According to the sources, GetCrypt makes use of the Salsa20 and RSA-4096 algorithms for encryptions.

GetCrypt also creates a ransom note in each folder while it encrypts the files, named #decrypt my files#.txt

The aforementioned ransom note commands the victim to contact getcrypt@cook.li for payment instructions.

GetCrypt would also change the victim’s desktop background to an image with the ransom note written all over it which is stored at %LocalAppData%\Tempdesk.bmp

In addition to all the other things GetCrypt does, it will also try to encrypt files on network shares. When encrypting, it would also attempt to brute force the network account credentials.

It would use an embedded list of usernames and passwords to connect to the network shares using the WNetEnumResourceW function.

It could also try to brute force the credentials and mount them using the WNetAddConnection2W function.

Solution
All you need to get your files decrypted for free is an unencrypted copy of your encrypted file.

Simply download the decrypt_GetCrypt.exe program from the following link and save it on your desktop:

Once downloaded, run the decryptor and select an encrypted file you wish to decrypt and its unencrypted version.

Click on the start button. The decyptor will now brute force your decryption key and VOILA! Your files will get decrypted.


The Russian State Duma will be engaged in the protection of personal data on the Internet



This week at a meeting of the State Duma deputies the State Duma Deputy Pyotr Tolstoy recalled the global leak of personal data, which became known in early May. In particular, passport data of the Vice-speaker of the lower chamber Alexander Zhukov appeared in the Network. In this regard, the parliamentarians decided to create a working group that will deal with data protection issues in the implementation of the national project Digital Economy.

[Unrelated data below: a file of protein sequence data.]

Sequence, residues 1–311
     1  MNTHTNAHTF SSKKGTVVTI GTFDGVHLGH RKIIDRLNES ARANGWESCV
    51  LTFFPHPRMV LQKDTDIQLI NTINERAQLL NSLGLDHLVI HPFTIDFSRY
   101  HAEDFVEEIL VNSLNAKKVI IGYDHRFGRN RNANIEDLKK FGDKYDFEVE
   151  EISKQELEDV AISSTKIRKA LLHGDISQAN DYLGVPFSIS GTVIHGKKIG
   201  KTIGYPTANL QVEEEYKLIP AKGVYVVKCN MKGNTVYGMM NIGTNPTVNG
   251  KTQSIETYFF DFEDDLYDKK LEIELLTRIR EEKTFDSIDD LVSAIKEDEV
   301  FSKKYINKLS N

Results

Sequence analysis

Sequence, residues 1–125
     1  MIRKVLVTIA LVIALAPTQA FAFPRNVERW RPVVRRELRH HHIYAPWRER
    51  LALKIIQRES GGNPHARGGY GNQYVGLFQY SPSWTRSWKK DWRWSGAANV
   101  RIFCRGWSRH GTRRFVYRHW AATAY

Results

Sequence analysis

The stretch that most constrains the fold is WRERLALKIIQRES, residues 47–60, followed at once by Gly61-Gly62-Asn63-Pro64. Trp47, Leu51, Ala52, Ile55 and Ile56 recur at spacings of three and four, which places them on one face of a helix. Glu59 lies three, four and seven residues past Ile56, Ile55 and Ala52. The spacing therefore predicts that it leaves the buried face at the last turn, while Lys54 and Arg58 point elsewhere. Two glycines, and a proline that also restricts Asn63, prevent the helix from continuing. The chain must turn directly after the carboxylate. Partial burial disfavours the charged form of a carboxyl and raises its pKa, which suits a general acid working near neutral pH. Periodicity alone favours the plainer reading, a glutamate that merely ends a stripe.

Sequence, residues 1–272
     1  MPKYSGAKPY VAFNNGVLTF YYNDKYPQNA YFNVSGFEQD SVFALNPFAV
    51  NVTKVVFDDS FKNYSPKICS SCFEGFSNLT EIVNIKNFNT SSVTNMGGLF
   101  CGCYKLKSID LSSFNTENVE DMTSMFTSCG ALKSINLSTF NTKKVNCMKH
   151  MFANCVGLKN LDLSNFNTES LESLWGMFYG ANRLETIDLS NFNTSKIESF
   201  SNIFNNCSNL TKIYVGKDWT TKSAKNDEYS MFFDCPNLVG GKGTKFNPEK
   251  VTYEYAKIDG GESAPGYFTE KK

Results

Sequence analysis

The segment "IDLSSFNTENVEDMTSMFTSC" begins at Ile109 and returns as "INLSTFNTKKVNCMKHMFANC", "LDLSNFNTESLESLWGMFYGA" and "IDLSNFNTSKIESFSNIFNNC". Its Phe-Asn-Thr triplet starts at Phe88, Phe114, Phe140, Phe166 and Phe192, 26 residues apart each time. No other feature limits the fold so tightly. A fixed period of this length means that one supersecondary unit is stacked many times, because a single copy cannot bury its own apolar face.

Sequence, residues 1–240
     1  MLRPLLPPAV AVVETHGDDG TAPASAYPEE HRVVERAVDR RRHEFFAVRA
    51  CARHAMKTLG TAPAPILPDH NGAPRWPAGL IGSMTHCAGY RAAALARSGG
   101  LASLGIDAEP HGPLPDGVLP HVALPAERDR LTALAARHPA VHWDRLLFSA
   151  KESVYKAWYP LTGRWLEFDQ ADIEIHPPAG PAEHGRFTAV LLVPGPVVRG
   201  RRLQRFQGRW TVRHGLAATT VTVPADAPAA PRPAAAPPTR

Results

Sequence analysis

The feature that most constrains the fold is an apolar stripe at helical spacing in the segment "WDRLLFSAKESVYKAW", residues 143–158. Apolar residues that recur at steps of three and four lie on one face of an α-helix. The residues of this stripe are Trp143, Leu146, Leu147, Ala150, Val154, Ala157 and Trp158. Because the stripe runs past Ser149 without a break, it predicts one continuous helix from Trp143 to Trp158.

According to Pyotr, just recently, personal data of 2 million Russian citizens including passport data of members of the Government were publicly available. “First, personal data of people is leaked, then their property, then money from Bank accounts. We need to take measures to protect personal data”, said Tolstoy.

It is worth noting that the experts called the cause of the leak in the errors in the legislation and illiteracy of website developers. The problem arose because of two requirements in the law – on the publication of decisions on the approval of large transactions, which often include passport details of the founders and on the use of electronic signature in the documents of customers and suppliers, which contains the name, e-mail and insurance certificate.

Tolstoy stressed that the reason for the incident was the lack of data protection, which is almost completely publicly available.

Peter Tolstoy reminded that in Russia there is a project Digital economy, which implies adequate protection of the rights of citizens. He believes that the collection of all information about a person under one file is against the law on personal data and is an extremely dangerous idea. In addition, he recalled the problem of availability of modern technologies for residents of certain areas, in some Russian villages there is no Internet and cellular communication.

According to him, now it is important to find an answer to the question of how to protect the rights of citizens and their interests in the implementation of a project on a Digital Economy.

"Any data processing of a citizen should be carried out only with his consent – voluntary and informed," said the Deputy.

As a result, at the suggestion of State Duma Speaker Vyacheslav Volodin, it was decided to create a working group that should deal with security issues within the framework of the national project. Deputies intend to listen to the first offers from colleagues in a month.


Google stored G Suite passwords in plaintext, apologises